The pavement ant is a small, brown to black ant with pale legs and a black abdomen. Pavement ants feed on a variety of materials, including live and dead insects, honeydew from aphids, meats, grease, etc. They often enter houses looking for food. They may become numerous in a short period of time in a kitchen or outside on a patio.
1/10 to 1/8 inch (2-3mm)
Brown to black
Pavement ants are very common in the eastern United States. These small, brown to black ants usually nest under stones, concrete slabs, at the edge of pavements, and in houses in crevices in woodwork and masonry.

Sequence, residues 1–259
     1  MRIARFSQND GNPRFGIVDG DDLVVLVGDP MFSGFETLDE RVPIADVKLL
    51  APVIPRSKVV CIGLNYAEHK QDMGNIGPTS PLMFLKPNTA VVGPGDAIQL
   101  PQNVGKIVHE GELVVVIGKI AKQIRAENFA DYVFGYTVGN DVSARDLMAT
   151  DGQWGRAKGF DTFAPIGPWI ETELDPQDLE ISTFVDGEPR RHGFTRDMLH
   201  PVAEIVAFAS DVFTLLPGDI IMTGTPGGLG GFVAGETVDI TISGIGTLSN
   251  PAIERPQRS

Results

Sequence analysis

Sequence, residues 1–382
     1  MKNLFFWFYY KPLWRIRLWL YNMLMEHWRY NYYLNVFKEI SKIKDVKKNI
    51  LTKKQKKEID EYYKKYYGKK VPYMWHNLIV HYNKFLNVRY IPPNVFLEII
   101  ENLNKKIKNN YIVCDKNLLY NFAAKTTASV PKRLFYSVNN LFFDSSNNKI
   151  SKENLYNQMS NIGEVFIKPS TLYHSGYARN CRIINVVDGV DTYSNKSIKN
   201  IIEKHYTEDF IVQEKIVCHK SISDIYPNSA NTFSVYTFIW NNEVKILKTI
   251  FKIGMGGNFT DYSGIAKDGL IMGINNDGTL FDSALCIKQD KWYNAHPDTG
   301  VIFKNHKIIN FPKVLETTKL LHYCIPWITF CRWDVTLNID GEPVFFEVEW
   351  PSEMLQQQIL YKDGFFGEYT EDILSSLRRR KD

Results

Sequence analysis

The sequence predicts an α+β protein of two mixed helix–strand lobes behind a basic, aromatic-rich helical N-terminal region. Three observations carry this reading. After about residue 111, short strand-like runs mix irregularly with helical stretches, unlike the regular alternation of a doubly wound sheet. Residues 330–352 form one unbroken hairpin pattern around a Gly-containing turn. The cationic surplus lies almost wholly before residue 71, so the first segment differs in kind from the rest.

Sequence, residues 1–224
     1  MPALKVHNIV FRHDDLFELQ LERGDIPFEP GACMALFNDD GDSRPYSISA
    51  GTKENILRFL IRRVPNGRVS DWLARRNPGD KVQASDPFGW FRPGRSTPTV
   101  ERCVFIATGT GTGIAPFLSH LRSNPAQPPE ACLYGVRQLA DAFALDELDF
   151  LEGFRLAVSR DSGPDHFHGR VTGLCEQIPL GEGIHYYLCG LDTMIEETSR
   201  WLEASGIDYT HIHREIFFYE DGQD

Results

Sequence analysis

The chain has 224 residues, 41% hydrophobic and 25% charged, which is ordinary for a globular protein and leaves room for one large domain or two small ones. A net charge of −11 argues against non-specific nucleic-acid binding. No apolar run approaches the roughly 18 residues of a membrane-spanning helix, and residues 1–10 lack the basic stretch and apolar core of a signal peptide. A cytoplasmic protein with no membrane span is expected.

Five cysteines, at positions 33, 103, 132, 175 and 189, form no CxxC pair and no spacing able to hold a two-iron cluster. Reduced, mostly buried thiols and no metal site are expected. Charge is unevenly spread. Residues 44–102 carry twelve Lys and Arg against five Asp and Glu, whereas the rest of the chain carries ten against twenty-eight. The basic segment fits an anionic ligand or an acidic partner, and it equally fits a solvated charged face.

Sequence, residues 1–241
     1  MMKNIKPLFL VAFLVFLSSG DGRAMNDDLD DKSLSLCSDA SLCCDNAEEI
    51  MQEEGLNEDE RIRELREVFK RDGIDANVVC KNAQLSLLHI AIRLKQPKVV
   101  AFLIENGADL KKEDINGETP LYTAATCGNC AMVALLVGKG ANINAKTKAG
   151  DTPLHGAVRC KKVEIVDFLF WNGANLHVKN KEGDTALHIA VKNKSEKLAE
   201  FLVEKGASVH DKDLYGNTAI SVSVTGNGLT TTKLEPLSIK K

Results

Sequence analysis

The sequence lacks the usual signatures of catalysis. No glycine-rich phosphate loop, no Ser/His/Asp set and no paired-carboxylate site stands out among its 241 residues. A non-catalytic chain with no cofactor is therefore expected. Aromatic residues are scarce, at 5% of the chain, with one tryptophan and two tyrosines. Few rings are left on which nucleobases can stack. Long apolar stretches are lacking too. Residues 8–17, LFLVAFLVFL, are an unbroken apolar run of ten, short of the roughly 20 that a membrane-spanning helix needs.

New ant colonies are started by a single queen that lays the eggs and tends the brood that develops into worker ants. Tending of the brood is then taken over by the workers, which shift the brood from place to place as moisture and temperature fluctuate in the nest. When workers forage for food for the queen and her young, they often enter houses and become a nuisance.
Type of Damage
They feed on animal food, grease, seeds, etc.
The nests are often difficult to locate, so control is usually aimed at individual ants or groups of ants.
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